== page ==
Published May 08, 2013
Going to the dentist can be an overwhelming experience for many people – especially if you have a dental phobia.
In fact, it’s estimated that as many as 75 percent of American adults experience some degree of fear when it comes to going to the dentist.
Harper Mills, a 38-year-old New York native has had a fear of the dentist since she was a child.
“I'm definitely apprehensive,” Mills told FoxNews.com “I had nine teeth pulled before I was 8 years old, and I think I have built-in fear about going to the dentist.”
Mills avoided regular check-ups and cleanings for years, until she heard about Dr. Michael Krochak, a dentist in New York City who specializes in treating patients with phobias. Mills made an appointment, and Krochak diagnosed her with anticipatory anxiety.
“I've developed a system of behavioral modification (and) systematic desensitization, where we slowly change the dental environment and the experiences that our patients have in a much more comfortable, relaxed and supportive manner,” Krochak told FoxNews.com. “They are conquering their fears and desensitizing to the environment so that each time they are a little less.”
Behavior modification isn’t the only way Krochak has helped patients conquer their fears. New technology called the Single-Tooth Anesthesia (STA) System has taken the pain out of common procedures he performs like fillings, crowns and root canals.
“What is bothersome about a dental injection is not the actual needle itself, much to people’s surprise. It is the actual pressure of the fluid going through the tissues,” said Krochak. “So what the wand STA System does is it allows us to give injections in a fashion that is much more controlled, and slower and gentler, where a patient does not perceive the pressure of the fluid going in.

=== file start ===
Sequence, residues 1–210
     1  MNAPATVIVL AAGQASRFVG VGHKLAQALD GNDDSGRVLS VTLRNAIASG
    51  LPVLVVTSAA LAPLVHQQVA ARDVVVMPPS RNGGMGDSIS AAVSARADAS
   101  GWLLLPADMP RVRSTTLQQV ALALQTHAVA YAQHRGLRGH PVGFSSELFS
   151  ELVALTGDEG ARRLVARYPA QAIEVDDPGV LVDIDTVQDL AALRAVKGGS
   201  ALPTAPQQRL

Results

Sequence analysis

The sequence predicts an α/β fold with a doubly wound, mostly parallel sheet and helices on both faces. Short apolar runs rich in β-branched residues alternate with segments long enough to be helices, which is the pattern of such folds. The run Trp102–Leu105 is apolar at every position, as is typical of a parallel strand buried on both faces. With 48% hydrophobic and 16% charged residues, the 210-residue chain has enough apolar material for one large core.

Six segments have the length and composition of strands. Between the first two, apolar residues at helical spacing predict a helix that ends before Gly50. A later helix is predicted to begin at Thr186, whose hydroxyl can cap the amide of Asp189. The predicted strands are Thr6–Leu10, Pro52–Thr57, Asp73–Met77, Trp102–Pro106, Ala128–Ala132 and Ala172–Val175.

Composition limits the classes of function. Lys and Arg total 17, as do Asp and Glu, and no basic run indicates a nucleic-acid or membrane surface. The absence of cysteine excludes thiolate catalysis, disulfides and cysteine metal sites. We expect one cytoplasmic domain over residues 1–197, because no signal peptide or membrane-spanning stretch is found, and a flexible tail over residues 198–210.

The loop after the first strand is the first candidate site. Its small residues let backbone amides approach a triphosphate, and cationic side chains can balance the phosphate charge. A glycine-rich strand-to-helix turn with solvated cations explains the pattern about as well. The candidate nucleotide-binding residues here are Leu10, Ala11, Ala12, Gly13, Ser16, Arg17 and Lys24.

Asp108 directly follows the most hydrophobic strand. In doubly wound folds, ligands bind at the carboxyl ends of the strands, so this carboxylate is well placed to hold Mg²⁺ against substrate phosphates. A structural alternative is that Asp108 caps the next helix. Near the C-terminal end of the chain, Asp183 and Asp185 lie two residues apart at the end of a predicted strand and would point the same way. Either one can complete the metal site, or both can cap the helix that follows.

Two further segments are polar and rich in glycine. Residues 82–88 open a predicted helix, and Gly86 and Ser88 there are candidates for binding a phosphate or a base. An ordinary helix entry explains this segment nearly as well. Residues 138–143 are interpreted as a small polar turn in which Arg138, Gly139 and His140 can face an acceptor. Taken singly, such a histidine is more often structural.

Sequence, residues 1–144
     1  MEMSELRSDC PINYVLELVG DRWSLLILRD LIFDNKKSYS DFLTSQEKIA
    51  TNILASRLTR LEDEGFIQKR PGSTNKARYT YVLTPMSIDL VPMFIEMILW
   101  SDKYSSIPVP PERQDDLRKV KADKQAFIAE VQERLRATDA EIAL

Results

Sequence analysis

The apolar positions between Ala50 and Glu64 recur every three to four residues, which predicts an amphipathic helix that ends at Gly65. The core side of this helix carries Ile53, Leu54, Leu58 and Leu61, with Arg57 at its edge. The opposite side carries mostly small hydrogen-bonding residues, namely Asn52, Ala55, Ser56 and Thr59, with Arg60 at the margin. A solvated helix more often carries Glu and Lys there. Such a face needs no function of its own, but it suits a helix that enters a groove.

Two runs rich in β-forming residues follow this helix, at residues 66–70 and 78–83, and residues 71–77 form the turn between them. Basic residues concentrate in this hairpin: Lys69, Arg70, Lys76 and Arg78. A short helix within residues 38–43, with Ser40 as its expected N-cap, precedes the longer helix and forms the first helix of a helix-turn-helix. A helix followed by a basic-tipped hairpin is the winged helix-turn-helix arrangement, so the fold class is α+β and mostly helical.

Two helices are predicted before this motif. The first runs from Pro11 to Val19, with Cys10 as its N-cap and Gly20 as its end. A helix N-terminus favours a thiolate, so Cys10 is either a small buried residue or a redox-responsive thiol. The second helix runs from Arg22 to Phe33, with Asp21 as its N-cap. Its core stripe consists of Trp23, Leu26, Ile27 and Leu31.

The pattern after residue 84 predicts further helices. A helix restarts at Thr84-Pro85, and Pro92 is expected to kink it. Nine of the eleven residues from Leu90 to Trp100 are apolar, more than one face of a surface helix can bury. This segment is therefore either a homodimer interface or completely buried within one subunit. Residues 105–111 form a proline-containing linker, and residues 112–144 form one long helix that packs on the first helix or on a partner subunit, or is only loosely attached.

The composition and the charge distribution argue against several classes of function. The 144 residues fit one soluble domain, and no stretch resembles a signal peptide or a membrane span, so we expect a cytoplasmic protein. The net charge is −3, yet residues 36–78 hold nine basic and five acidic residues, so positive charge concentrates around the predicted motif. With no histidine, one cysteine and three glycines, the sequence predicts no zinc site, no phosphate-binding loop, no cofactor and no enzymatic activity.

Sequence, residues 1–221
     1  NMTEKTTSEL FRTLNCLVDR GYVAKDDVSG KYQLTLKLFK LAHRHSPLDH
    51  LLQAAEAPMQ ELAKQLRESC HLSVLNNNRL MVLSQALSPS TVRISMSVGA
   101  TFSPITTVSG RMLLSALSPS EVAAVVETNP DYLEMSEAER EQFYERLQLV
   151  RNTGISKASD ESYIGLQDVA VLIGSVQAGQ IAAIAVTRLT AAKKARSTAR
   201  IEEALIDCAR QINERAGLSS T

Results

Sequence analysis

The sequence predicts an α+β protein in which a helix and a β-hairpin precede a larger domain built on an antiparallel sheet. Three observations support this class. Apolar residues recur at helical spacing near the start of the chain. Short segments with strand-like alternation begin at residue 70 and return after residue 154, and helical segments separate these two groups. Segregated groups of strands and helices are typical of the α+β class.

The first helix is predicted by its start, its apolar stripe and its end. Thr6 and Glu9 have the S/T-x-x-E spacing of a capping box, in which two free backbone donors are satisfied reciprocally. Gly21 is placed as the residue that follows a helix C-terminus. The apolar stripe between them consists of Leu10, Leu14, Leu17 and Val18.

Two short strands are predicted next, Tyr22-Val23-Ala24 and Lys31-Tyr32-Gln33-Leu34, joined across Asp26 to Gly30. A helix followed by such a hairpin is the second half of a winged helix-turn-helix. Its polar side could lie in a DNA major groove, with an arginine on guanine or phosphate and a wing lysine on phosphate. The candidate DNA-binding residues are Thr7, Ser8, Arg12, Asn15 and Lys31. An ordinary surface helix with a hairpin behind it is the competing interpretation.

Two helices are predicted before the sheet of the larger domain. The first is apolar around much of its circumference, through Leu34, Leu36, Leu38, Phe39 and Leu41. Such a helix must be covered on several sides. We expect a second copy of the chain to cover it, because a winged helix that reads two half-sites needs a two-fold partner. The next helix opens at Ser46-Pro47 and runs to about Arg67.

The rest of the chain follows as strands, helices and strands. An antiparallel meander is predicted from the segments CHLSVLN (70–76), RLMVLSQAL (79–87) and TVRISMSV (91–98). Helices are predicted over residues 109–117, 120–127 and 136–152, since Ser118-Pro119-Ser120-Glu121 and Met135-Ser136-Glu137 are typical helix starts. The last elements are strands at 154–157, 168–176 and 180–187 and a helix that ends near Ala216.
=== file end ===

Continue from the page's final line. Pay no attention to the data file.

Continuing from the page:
In the past, dentists had to estimate the spot in which to inject a patient, resulting in a loss of feeling in the surrounding tissue, which often lasted for hours. But a computer chip inside of the wand of the STA System helps pinpoint the exact location for the injection and controls the flow of medication into the gums.
“We can give a periodontal ligament injection to numb a single tooth painlessly without the collateral numbing of the facial tissues,” said Krochak. “You can actually numb a lower back tooth without the lip, chin and tongue getting numb.”
Krochak found two small cavities in Mills’ mouth and suggested that using the STA System during her fillings would help her further overcome her fears.
“It's really exciting not to have that experience of not being able to say anything, not being able to eat and feeling awkward in the world,” Mills said. “You could come here and have your filling filled and within an hour be back at work without having to think that your day is impaired by the experience.”
The STA System can be used for almost any dental procedure short of extraction and oral surgery, Krochak added. And it comes at no extra cost to the patient.